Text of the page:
Managing your supply chain from end to end doesn’t have to be frustrating and time consuming. Set some best practices for your global supply chain management. We recommend keeping collaboration, trust, and accuracy in mind. You’ll improve your inventory turn and pre-planning capabilities as a result.
We've compiled our go-to best practices for supply chain management. And we’ve included even more tips on ocean shipping best practices in our free eBook.
Read on for tips on record keeping, setting vendor expectations, and navigating customs.
Optimize Your Global Supply Chain Management
Record Keep Diligently
Some aspects of your supply chain will remain out of your control without a solution. But you can maintain some form of control by maintaining scrupulous records via spreadsheets and reporting inputs.
Other simple ways to keep track of all the details:
- Request information as early as possible along each stage of your shipment
- Set a turnaround time for updating info into your internal systems (for example, two business days from obtaining new information).
- Keep records in a shared system of some sort, so your team isn’t constantly swapping the most recent version
Invest Time In Building a Vendor Manual
Vendor manuals act as a guideline for your vendors and can serve as a point of reference if miscommunications arise. Building your vendor manuals helps set expectations for a healthy relationship.
Plus, everyone operates on a different time zone. A good manual can answer questions without waiting for email responses.
We recommend that, at the very least, your vendor manual include:
- Packaging instructions
- Sampling instructions
- Testing instructions
- Contact list: Who to contact and when
- Booking instructions: How to book containers, air shipment, ocean shipments, etc.
- The process for getting paid and submitting necessary documentation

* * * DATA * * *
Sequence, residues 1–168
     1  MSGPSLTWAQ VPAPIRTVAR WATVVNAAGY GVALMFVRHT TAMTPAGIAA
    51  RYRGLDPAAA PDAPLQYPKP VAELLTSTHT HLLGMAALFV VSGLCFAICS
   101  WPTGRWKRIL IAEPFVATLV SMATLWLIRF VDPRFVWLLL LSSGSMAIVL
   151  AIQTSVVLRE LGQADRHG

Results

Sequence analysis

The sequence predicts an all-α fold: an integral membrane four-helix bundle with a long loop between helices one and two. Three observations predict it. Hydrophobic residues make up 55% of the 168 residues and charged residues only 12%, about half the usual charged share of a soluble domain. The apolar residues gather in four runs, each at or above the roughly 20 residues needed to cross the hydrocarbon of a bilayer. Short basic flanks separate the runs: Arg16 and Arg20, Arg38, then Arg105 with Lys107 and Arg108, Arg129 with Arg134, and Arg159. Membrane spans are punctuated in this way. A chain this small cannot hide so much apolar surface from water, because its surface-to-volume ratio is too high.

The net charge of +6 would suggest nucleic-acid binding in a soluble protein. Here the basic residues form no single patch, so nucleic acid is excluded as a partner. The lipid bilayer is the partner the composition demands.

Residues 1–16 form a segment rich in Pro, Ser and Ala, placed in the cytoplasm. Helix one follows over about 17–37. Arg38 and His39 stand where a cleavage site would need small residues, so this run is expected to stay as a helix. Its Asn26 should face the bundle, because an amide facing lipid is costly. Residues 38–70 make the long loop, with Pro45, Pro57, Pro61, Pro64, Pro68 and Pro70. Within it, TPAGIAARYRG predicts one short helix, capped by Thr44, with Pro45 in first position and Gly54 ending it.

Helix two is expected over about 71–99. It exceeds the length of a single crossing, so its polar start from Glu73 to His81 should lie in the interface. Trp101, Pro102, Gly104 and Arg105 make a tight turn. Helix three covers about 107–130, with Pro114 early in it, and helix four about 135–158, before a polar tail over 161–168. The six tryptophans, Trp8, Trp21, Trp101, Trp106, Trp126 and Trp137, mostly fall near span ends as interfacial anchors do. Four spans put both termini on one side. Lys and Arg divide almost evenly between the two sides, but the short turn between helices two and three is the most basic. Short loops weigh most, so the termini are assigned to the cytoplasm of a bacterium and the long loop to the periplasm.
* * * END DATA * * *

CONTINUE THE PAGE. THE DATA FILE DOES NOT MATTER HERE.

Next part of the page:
- How to use the product (include information on specs, labeling, and brands)
Cross Your T-s and Dot Your I-s Before Going to Customs
Remember that government entities are here to support businesses and help them grow. U.S. Customs & Border Protection (CBP) is here to help; it’s in their best interest to generate more tax revenue and bring in more products.
Above all else, remember that CBP cares about following the best practices they have set. So to avoid having issues and delaying your shipment, double and triple check that you have the right info in the right manner. Ask yourself:
- Is my invoicing correct?
- Do my cartons match what I’m shipping?
- Am I packing my products with the correct packaging?
- Is my container well organized?
- Have I classified my product correctly?
This recommendation may seem simple. But there are so many moving parts in your shipments — double checking everything will save you time down the road.
You can access quite a bit of knowledge around CBP expectations and best practices on www.cbp.gov.
Choose Containers With Your Timeline In Mind
Because CBP exams happen at random, there’s not much you can to do avoid being selected for one. Choosing your container types is one way to try and avoid being stuck in an exam — and helping to keep your shipment on track.
If you’re shipping anything that is 60% or more of the container size, consider shipping via Full-Container Load (FCL) instead of a Less-Than Container Load (LCL).
With FCL, you have full control over what’s in the container. How you label, pack, and classify the container’s cargo is entirely within your control, because the container only contains your cargo.
With LCL, you mix various company’s products and so you lose some level of control. Other businesses may not have labeled, packed, or classified their cargo correctly. And so, if they get flagged for an exam, your cargo is delayed too.
FCL may come with a higher cost, so weigh the cost against the possible delays when making your decision.
Get more tips in our free eBook to optimize your global supply chain.